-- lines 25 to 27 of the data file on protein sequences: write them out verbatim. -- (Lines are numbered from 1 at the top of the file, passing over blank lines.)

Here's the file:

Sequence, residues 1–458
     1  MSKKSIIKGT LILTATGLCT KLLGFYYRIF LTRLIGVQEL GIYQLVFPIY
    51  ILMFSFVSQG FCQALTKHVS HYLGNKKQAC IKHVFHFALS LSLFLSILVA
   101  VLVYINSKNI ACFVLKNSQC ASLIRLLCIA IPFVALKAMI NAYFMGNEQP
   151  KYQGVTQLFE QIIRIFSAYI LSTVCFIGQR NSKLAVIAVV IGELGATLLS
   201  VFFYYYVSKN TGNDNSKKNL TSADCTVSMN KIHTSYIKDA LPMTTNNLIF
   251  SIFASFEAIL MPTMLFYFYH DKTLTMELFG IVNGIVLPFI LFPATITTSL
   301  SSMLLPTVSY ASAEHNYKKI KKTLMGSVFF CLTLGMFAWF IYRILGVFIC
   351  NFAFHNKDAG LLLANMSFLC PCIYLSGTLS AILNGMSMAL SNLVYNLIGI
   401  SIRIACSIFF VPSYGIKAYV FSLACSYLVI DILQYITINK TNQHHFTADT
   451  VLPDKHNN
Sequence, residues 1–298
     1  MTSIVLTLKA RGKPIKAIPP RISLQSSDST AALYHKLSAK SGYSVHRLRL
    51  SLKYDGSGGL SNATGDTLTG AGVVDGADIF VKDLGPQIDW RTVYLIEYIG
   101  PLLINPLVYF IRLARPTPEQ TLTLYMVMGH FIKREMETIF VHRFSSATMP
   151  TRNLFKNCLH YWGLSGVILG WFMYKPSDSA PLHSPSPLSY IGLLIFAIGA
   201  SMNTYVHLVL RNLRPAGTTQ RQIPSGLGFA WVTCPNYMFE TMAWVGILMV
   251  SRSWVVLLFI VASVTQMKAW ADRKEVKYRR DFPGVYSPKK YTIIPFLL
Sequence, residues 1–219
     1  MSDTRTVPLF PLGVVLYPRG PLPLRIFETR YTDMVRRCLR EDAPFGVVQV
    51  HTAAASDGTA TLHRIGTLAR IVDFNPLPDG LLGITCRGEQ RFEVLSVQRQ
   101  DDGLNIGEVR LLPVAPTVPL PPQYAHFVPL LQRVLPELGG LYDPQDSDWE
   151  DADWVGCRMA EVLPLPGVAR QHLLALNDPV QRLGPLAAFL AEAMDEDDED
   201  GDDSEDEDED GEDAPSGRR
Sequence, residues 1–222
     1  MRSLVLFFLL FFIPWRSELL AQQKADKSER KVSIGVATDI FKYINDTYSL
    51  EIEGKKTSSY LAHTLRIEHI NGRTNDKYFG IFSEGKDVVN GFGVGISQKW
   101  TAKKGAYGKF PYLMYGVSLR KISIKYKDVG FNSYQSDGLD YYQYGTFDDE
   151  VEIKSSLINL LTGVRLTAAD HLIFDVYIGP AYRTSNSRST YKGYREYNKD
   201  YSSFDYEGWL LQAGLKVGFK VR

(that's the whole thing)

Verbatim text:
Sequence, residues 1–222
     1  MRSLVLFFLL FFIPWRSELL AQQKADKSER KVSIGVATDI FKYINDTYSL
    51  EIEGKKTSSY LAHTLRIEHI NGRTNDKYFG IFSEGKDVVN GFGVGISQKW